Now, you might think that the sorcerers and astrologers couldn’t tell the Smart King his dream because they didn’t have any power.  But make no mistake, over and over again in the Old Testament, we see stories of sorcerers and astrologers having some sort of mystical power – it’s just never greater than the power of GOD and I believe this is still true today.

The end of the story is that Daniel is able to tell the King what he dreamed and what it meant because GOD reveals it to him.  This story shows that GOD’s adversary only has limited powers.  Just as I found in Job, it appears that GOD’s adversary needs permission before he can get in your head (kind of makes me think of vampires being stuck outside your house unless you invite them in).  If you don’t reveal your dreams, the adversary doesn’t know what they are, only GOD knows.

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Daniel Praying

The Yearning of Job

It constantly amazes me to read the Old Testament.  As Christians who live under the covenant of the New Testament, I think we oftentimes dismiss or skim over the OT and many Christians begin and end their study of the scripture with the gospels (but that’s just my very unscientific assumption; I’d love to be proven wrong).  If we do skip over it or just skim it, then we miss the whole point of the scripture.  There is so much in the OT that needs to be unpacked and studied in order to truly understand what the NT says to us.

Think about how much you would miss if you read just The Return of the King and or just The Dark Tower and skipped the rest of the books in the series.  (Of course, no one but a dedicated scholar with a degree in Middle English history could read the Silmarillion, but the first ten minutes in the movie pretty much sums it up).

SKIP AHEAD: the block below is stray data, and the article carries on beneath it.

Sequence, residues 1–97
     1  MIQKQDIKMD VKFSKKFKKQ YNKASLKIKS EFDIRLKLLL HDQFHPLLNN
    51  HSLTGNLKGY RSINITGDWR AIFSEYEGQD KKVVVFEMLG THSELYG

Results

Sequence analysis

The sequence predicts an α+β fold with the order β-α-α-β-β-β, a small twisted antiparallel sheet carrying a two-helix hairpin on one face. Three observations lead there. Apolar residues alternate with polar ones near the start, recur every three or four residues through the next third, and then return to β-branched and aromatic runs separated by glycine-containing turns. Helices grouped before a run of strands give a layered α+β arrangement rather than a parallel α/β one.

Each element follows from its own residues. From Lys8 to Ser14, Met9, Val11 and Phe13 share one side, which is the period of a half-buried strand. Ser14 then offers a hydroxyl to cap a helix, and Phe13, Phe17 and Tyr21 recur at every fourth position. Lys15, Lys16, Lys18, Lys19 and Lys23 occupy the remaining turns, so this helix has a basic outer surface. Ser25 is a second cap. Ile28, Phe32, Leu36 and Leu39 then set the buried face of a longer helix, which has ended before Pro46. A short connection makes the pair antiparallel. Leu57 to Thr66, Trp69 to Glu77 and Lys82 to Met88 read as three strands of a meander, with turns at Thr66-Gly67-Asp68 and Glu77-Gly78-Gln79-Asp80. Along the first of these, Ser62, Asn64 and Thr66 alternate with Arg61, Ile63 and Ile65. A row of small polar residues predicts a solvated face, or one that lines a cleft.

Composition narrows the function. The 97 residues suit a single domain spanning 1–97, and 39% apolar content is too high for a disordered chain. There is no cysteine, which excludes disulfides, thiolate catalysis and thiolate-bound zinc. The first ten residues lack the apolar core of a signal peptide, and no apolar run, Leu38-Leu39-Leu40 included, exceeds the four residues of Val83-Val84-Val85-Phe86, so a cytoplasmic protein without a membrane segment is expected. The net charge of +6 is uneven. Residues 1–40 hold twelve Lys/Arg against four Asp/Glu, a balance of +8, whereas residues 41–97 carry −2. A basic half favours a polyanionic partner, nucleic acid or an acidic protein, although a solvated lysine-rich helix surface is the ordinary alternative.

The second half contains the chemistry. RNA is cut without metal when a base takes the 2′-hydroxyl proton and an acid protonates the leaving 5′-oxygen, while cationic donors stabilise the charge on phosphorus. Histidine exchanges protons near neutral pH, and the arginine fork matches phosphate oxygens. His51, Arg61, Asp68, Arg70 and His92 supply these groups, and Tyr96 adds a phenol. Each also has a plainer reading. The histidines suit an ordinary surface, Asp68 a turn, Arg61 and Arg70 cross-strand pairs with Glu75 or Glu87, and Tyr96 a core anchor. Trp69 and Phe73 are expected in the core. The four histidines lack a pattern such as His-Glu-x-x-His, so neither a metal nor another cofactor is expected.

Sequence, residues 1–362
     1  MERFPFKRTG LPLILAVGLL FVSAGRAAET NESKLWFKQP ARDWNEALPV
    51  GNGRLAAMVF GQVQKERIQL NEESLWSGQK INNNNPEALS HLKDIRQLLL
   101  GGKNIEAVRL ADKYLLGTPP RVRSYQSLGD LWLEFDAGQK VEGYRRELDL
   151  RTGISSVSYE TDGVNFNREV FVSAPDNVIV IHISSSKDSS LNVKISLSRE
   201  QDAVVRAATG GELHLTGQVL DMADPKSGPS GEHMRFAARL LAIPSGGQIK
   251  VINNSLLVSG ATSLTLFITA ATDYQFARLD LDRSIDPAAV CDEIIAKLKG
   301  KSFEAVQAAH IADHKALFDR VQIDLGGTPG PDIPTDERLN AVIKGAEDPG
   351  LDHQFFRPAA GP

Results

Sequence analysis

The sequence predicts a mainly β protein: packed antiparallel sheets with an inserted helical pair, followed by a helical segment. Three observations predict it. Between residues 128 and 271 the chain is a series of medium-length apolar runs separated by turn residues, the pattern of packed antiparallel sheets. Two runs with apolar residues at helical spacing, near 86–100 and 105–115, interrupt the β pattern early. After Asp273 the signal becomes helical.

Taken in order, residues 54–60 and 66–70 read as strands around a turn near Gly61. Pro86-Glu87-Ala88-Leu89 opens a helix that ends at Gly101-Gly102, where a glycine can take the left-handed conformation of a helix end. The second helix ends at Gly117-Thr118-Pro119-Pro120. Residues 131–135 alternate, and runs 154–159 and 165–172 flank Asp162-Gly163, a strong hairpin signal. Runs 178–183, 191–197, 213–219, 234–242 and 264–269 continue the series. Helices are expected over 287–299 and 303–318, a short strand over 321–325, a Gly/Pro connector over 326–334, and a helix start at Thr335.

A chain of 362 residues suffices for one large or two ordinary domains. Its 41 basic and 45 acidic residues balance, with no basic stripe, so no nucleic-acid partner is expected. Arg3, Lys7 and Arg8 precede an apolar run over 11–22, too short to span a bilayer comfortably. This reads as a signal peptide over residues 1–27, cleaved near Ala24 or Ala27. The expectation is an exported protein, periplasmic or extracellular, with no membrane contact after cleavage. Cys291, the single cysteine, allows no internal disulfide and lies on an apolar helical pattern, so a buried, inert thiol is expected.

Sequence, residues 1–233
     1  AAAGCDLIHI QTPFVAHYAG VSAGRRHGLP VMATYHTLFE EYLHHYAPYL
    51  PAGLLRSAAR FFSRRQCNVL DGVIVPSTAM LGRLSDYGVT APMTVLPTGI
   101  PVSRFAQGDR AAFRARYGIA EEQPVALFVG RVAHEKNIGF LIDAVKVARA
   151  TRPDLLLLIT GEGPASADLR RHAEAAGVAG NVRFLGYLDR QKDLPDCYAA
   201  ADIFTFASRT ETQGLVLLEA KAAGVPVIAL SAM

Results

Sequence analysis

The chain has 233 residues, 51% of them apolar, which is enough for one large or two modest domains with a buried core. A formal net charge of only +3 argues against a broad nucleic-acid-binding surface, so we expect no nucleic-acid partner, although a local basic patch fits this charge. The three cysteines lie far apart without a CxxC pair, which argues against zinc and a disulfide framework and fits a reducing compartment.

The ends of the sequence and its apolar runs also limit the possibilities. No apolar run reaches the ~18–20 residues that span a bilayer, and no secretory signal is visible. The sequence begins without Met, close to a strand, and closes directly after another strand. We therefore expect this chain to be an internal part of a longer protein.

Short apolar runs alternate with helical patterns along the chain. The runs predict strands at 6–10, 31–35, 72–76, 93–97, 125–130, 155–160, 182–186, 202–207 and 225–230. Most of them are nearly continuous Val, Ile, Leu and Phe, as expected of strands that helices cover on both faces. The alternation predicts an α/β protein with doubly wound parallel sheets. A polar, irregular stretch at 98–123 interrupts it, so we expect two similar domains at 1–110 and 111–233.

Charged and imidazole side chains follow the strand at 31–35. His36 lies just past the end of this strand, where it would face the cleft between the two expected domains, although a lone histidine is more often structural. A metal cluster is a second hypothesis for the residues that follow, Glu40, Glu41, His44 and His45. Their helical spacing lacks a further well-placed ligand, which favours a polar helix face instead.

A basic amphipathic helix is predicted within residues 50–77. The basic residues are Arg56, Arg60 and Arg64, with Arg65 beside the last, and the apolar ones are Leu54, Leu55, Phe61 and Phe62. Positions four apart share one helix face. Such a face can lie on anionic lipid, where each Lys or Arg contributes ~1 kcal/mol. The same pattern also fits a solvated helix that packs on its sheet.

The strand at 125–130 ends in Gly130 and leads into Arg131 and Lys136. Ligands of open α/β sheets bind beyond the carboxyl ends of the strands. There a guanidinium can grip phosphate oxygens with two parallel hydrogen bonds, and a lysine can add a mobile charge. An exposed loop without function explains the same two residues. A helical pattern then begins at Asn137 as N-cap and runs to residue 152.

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(source: http://commons.wikimedia.org/wiki/File:Hand_of_Sauron.jpg)

In Job, there is a constant yearning for someone to intercede on man’s behalf.  Job is righteous – he has not wronged God, but God is too big for Job to approach on his own.  Job is seeking an arbitrator, an intercessor, a redeemer, or just a even just a friend.   (See Job 9:32-35, 16:18-21, 19:25-27)

Job 14: 15-17 says:

You will call and I will answer you

You will long for the creature your hands have made

Surely then you will count my steps

But not keep track of my sin

My offenses will be sealed up in a bag

You will cover over my sin

Job understood the creation and fall of man.  And though he was “blameless and upright”, he still knew he had sins that needed to be covered.  He was searching for the son of God who was also the son of Man, the bridge between God and man.

In the end of the book, after God speaks to Job from the storm, Job’s response is very simple and I believe this is the same response we should have in front of the cross:

My ears had heard of you, but now my eyes have seen you

Therefore I despise myself and repent in dust and ashes (Job 42:5-6)

Blake Lord answering Job

Gambling with God

The prologue in the Book of Job is truly amazing.  In it, we get one of the few small glimpses in the Bible of the heavenly realm through the eyes of the writer of the book, and what a truly remarkable place it is.

At center stage, we see God in His splendor observing all creation and celebrating the righteousness and goodness of his servant Job.

Enter from stage left, the Adversary (aka Satan).  The Adversary has a wager for God, he bets God that he can make Job curse God, that Job is not truly righteous but only acts that way in order to receive God’s blessings.